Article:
A huge percentage of the increase in health spending is caused by very expensive drugs administered in a provider’s office.
A National Bureau of Economic Research paper confirms earlier research on the effect of drug rebates on net prices to drug makers.
MedPAC’s annual report to Congress includes examination of the effects of hospital consolidation and abuses of the 340B program.
A JAMA Article examines what it costs to develop a new drug.
A study in JAMA reveals once again the avaricious pricing behavior of drug companies.
A study in JAMA discusses the profitability of large drug companies.
Giving doctors more information about a patient’s adherence to prescriptions and access to pharmacist help did not improve adherence to medication regimens.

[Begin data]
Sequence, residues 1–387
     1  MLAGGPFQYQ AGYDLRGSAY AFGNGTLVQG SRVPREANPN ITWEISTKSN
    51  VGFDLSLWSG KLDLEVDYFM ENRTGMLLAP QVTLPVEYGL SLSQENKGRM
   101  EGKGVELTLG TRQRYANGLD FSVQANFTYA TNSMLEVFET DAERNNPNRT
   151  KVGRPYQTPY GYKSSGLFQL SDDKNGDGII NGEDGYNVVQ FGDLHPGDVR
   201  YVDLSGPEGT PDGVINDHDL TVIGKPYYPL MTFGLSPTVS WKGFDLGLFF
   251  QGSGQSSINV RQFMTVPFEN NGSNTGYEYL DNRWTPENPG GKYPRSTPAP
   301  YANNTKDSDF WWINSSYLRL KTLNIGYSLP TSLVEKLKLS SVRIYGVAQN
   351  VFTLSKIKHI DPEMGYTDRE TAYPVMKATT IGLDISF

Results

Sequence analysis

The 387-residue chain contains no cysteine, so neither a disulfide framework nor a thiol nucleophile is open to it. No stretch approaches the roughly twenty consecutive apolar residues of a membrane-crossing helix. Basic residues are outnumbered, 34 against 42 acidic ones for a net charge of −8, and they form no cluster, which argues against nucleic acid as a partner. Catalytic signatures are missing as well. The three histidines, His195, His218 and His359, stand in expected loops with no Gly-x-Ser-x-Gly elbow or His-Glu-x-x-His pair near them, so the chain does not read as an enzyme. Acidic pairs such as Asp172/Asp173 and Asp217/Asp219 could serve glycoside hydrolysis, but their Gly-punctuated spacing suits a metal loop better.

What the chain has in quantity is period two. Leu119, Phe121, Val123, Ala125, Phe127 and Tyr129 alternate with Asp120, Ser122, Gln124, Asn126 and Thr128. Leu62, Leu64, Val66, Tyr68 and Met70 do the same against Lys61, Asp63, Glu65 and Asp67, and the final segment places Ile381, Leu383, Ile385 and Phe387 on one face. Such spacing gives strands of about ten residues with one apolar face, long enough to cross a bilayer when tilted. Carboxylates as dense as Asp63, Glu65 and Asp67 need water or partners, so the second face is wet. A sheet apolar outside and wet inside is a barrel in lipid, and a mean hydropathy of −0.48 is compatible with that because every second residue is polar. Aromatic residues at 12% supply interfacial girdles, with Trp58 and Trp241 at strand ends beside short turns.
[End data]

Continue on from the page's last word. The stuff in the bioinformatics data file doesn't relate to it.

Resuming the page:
Drug manufacturer payments to doctors appear to have modest effects on prescribing behavior.
Express Scripts gives us its version of 2019 prescription drug spending and utilization trends.
A study in JAMA Internal Medicine describes trends in drug manufacturer detailing of physicians.
A paper from EBRI discusses differences in cost for the same cancer medication in different sites of service.
A Statistical Brief from AHRQ examines certain trends in costs of retail drugs.
A new study relating to hospitals participation in the 340B program finds that they are making excellent profits, which was not the intention.
The Government Accounting Office releases a report on the role of pharmacy benefit managers in Medicare Part D.